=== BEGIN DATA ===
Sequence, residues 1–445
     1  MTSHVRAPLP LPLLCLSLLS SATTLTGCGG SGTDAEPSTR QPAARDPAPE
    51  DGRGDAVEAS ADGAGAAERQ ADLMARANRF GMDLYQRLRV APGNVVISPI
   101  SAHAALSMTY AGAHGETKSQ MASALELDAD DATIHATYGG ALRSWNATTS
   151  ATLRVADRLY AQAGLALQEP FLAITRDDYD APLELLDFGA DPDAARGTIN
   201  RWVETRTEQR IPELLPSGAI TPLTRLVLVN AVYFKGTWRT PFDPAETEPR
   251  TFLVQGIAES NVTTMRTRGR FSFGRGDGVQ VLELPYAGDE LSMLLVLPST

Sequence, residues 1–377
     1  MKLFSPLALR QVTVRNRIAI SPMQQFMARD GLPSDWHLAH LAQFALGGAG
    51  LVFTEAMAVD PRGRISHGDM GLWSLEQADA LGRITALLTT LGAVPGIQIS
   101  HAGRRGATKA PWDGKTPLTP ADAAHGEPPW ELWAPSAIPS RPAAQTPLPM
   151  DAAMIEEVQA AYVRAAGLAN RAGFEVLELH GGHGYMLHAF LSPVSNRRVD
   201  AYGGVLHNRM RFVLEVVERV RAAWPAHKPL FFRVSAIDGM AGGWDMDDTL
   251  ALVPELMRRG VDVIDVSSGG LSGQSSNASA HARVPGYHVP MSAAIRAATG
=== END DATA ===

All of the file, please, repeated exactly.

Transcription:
Sequence, residues 1–445
     1  MTSHVRAPLP LPLLCLSLLS SATTLTGCGG SGTDAEPSTR QPAARDPAPE
    51  DGRGDAVEAS ADGAGAAERQ ADLMARANRF GMDLYQRLRV APGNVVISPI
   101  SAHAALSMTY AGAHGETKSQ MASALELDAD DATIHATYGG ALRSWNATTS
   151  ATLRVADRLY AQAGLALQEP FLAITRDDYD APLELLDFGA DPDAARGTIN
   201  RWVETRTEQR IPELLPSGAI TPLTRLVLVN AVYFKGTWRT PFDPAETEPR
   251  TFLVQGIAES NVTTMRTRGR FSFGRGDGVQ VLELPYAGDE LSMLLVLPST

Sequence, residues 1–377
     1  MKLFSPLALR QVTVRNRIAI SPMQQFMARD GLPSDWHLAH LAQFALGGAG
    51  LVFTEAMAVD PRGRISHGDM GLWSLEQADA LGRITALLTT LGAVPGIQIS
   101  HAGRRGATKA PWDGKTPLTP ADAAHGEPPW ELWAPSAIPS RPAAQTPLPM
   151  DAAMIEEVQA AYVRAAGLAN RAGFEVLELH GGHGYMLHAF LSPVSNRRVD
   201  AYGGVLHNRM RFVLEVVERV RAAWPAHKPL FFRVSAIDGM AGGWDMDDTL
   251  ALVPELMRRG VDVIDVSSGG LSGQSSNASA HARVPGYHVP MSAAIRAATG